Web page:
- Fr. Lawrence Jagdfeld, O.F.M., Administrator
As we draw ever closer to the Solemnity of the Resurrection of the Lord, the high point of our liturgical year, the readings for the fifth Sunday of Lent home in on the issue of our own Resurrection. The question of eternal life and resurrection has been asked by Christians since the foundations of the early Christian community. This is a dogma that developed over time, not one that has been handed down since the beginning of human and salvation history.
The first reading from the Book of the Prophet, Ezekiel, is a case in point. The verses that we will hear proclaimed tomorrow come immediately after the scene in which Ezekiel prophesies over the bleached bones of the soldiers of Israel. Ezekiel comes upon the battle scene and gazes upon the field of battle littered with the bones of the fallen. At first, Ezekiel witnesses the "reassembling" of the bones, sinews, muscles, and skin of the fallen warriors. However, when he is bidden by the Lord to prophesy to the Spirit of God, the bodies are resuscitated.
This scene is offered to the people of Israel who are living in exile under the subjugation of Assyria. It is meant as a moment of encouragement, assuring those enslaved that one day God will bring them back to the land of Israel and restore them. As such it looks ahead to the truth that all men and women will one day rise from the dead. Notice in tomorrow's reading how the "land" of Israel plays an important part in the prophecy. This is a story of the restoration of the Chosen People.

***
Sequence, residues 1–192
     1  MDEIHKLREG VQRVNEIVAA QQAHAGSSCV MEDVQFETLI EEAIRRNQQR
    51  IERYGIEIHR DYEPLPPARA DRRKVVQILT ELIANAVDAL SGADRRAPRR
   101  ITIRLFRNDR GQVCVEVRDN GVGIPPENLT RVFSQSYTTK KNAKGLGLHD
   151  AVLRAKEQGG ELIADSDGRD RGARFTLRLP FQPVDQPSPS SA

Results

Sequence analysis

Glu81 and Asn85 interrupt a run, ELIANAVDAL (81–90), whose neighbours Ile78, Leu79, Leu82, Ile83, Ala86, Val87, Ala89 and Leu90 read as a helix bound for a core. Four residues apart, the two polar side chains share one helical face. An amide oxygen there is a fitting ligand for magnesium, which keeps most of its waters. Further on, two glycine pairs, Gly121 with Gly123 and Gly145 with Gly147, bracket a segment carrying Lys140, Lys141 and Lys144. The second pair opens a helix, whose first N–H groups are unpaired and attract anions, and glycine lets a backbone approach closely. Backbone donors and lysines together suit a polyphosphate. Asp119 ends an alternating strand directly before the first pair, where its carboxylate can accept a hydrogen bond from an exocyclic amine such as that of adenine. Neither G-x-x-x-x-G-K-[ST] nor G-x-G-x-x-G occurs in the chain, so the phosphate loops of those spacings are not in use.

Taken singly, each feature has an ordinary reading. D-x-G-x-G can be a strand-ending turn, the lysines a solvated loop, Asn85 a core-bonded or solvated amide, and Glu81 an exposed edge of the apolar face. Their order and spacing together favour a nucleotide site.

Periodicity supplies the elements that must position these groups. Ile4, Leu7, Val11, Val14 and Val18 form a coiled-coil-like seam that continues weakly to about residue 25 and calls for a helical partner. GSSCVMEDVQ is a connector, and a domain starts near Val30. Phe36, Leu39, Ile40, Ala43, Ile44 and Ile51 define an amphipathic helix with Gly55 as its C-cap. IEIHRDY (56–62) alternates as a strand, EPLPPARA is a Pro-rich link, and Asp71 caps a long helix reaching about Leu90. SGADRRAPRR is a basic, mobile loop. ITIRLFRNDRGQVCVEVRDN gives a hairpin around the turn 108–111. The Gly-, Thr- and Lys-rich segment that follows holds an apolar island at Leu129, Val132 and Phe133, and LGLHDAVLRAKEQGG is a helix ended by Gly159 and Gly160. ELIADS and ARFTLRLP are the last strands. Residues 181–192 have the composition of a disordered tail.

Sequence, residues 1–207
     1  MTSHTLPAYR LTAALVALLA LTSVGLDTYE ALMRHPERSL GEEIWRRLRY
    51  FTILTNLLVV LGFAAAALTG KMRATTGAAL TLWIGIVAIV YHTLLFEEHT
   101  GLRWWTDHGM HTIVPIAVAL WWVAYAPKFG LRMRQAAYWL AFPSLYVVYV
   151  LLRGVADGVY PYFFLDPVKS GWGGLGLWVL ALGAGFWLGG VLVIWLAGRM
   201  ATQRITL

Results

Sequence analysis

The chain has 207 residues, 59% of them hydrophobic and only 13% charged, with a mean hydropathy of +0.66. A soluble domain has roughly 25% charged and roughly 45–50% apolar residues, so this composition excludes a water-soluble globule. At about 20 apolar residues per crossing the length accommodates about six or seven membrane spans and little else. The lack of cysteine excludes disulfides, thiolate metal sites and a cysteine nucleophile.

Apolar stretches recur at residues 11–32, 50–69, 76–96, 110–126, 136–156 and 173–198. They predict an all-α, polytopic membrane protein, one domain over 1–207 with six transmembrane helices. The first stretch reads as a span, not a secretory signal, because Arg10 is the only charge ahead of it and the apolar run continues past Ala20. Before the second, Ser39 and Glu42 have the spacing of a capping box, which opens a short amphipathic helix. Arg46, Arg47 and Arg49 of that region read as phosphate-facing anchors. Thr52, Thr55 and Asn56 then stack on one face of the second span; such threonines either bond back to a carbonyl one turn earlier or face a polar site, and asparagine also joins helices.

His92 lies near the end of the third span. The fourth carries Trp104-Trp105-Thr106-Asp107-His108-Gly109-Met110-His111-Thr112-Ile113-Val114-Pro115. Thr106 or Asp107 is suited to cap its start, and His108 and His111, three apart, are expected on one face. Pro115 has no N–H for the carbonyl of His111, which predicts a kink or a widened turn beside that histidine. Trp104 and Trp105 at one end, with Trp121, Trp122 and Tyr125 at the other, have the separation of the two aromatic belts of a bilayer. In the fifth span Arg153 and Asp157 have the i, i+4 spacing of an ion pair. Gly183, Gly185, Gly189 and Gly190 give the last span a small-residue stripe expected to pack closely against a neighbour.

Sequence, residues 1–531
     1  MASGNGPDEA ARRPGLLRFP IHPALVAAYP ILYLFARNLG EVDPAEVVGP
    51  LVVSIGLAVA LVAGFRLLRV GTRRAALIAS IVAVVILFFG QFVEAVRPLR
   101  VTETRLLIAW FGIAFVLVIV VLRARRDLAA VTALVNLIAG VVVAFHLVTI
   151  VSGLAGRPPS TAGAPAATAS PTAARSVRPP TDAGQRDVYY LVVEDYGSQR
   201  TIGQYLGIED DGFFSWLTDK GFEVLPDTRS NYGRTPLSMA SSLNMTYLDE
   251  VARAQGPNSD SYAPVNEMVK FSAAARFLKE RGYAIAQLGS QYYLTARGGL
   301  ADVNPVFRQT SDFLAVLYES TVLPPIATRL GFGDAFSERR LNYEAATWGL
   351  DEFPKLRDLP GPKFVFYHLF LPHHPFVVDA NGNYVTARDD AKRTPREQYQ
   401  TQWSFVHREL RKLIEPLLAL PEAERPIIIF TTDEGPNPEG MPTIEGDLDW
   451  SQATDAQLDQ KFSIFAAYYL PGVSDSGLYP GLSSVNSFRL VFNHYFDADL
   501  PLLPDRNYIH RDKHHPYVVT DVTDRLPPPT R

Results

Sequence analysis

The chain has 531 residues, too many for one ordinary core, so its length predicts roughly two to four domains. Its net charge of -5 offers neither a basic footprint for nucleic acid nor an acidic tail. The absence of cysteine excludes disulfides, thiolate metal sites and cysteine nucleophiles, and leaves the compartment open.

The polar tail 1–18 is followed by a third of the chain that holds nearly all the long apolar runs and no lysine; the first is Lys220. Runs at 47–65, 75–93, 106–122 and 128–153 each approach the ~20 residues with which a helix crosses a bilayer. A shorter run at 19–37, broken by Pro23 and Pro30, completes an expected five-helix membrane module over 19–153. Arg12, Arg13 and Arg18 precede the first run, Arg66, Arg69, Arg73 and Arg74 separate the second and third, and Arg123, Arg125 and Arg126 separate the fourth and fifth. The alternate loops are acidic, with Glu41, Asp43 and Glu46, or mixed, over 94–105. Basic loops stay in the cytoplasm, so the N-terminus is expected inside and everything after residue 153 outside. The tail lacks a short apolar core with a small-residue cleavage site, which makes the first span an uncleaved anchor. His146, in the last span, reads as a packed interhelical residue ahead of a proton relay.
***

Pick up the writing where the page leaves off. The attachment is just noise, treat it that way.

"I will open your graves." (Ezekiel 37:12c) The grave in question here is not the grave of a buried person. It is, rather, the slavery of Assyria. As we listen to these words, however, we cannot escape the thought that this is exactly what has been promised through the resurrection of Jesus. As our creed proclaims, we believe in the resurrection of the body. We believe that the soul and the body were made for each other and that they will one day be reunited in resurrection to enjoy life with God forever if we place our faith in Jesus and follow the commandments to love God and love our neighbor. This truth is clearly announced by St. Paul in his Letter to the Romans. If the Spirit of the one who raised Jesus from the dead dwells in you, the one who raised Christ from the dead will give life to your mortal bodies also, through his Spirit that dwells in you. (Romans 8:11)